Email for discussion with friends has plus and minuses. The plus is time to think about what and how you say things. Everything else is minus. Remember that changing a friends mind is not as important as maintaining friendship. Also that in active discussions, mode-2 responses are what you will both be using and no one is likely to back down in the heat of battle. Some days or weeks or months later however, the nagging doubts might prompt a re-examination of beliefs. That is why ongoing respectful contact is important.

    Oh never even try to change a persons value system. Some evidence I think that it is baked in at genetic level.

  8. I agree about the mode two. I am guilty of not being able to change my mind in the heat of battle. Even 48 hours cooldown can help a lot.

    I am having trouble in online debate with that I go out of my way to be respectful and the other person does the opposite. Oddly, I've found I can learn from a denier. Sounds silly, but I get my facts mixed up and sometimes just having someone, anyone to talk to even a troll can help. That forming an argument helps me synthesize and process data into information, as opposed to just passive reading or watching videos.

    As for values, I think some may be genetic. Others is circumstances. For example, I have lived around lower class my entire life. Sometimes below the poverty line, other times barely middle class. Therefore, the economics of climate change interest me more.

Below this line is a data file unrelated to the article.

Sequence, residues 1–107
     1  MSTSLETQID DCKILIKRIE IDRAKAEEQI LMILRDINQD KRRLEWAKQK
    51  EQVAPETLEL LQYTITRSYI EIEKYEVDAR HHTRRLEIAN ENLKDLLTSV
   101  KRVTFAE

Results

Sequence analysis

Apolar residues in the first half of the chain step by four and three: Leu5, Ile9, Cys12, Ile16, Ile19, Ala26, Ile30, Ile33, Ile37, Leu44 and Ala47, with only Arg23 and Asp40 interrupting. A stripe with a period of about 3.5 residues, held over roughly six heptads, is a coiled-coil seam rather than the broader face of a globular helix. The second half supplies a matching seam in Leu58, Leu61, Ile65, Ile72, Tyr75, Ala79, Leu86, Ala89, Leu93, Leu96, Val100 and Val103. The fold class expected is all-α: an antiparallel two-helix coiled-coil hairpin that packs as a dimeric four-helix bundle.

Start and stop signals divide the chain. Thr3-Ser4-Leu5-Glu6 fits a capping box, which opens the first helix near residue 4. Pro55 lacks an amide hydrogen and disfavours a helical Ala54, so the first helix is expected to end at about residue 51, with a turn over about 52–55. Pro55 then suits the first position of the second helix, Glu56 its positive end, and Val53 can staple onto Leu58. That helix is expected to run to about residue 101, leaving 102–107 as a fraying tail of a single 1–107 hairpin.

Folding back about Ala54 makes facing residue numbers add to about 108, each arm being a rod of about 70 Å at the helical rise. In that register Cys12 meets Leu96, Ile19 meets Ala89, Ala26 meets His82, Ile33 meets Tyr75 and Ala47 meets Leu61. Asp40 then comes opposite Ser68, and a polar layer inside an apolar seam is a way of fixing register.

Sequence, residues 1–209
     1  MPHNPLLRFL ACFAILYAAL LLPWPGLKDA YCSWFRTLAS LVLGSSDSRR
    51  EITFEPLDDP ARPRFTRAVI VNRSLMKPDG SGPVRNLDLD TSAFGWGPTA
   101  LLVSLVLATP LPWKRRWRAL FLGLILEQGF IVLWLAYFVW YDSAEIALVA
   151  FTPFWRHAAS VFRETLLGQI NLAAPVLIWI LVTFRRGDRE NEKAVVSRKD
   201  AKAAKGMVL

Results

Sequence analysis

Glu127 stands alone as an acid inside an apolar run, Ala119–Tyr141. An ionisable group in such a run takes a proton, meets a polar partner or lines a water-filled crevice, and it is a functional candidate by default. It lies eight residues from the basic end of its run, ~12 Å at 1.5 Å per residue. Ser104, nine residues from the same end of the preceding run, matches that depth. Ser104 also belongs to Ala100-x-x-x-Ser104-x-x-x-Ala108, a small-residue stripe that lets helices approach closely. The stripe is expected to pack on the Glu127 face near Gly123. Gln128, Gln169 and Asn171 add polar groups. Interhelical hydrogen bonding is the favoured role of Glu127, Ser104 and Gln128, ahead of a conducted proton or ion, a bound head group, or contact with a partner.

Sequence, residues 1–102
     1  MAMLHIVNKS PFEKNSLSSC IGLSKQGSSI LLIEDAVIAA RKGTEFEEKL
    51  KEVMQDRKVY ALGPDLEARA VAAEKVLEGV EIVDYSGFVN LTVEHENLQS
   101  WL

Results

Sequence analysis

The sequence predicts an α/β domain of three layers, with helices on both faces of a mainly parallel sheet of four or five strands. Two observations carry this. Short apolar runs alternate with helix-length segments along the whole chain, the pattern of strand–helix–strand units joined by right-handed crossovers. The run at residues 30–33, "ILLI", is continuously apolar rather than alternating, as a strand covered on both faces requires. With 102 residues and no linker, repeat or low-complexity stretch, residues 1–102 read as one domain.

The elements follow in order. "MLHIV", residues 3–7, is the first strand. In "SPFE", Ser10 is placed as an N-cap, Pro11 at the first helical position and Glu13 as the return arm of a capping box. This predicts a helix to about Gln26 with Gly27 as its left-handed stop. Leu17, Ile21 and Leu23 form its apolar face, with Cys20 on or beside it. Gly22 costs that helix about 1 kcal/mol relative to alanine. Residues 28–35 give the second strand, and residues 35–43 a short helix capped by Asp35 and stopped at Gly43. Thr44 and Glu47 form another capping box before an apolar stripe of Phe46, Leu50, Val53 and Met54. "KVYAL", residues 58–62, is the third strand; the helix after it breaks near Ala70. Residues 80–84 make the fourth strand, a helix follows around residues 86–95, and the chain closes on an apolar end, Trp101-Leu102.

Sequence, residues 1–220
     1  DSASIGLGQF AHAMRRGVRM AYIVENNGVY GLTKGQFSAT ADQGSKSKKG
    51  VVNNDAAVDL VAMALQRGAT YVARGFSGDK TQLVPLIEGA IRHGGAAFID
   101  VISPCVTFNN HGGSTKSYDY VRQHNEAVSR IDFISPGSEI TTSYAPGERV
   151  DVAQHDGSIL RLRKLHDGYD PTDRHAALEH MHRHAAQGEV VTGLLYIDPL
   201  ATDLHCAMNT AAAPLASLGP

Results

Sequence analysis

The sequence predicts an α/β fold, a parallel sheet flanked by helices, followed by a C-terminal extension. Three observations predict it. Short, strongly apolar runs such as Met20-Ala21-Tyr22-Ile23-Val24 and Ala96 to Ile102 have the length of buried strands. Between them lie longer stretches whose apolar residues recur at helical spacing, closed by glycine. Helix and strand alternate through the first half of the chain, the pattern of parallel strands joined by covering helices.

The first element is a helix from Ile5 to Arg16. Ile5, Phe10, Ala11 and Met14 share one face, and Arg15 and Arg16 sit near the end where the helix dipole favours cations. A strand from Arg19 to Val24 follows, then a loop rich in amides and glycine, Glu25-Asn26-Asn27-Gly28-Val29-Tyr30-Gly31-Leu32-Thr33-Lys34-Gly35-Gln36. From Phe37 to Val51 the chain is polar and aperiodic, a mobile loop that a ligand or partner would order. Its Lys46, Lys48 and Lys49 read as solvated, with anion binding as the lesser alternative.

If someone was to say sea level to rise 1 meter over the next century that isn't going to affect me much. While I do care about other people, if I am locked into short term thinking, how do I pay to get gas and my car fixed so I don't lose my job? The long term effects of climate change are lost on me.

    In brief, I care most about how climate change affects me in the past and present, then how it effects me in the future. So part of the reason I struggle so much is that there is 20% more heavy rain in my area. The last thing my location needs is more rain.

    Another example of values, is people might value the free market economy based upon how they were taught and life experiences. A student exposed to the dangers of monopolies will have less value in a free market than those exposed to the horrors of Communism versus a control group.

  9. This might sound stupid. I've read from a few websites that the North East United States has gotten more rain from climate change. I don't have much money and have a leaky roof nor the do it yourself skills to fix the roof.

    Now I have a mold problem. Anyways somebody close to me said that mold hates heat. That people use heated cables to kill mold. Therefore even in summer we have been running space heaters to kill the mold. Yet, it doesn't seem to be working.

    Furthermore, I heard about dry rot so I thought the best way to kill mold was heat and moisture. This seems to have backfired. If anything mold seems to like it hot and humid. Afterwards, I read about how dry rot is a misnomer whoops. I consider myself high in critical thinking skills and yet I still make costly mistakes. Best to have some humility.

    I've been running fans in the doors and windows, but the humidity outside is 91% if anything it might be making the situation worse especially when it rains.

    To summarize, can anyone confirm that the overall precipitation trend is increasing in the North East United States from climate change? Second, climate change really does seem to hurt the poor more. I don't think I contribute much co2, yet I cannot afford to fix my leaky roof worsen by climate change. Third, does anyone have any environmentally friendly ways to control mold and humidity?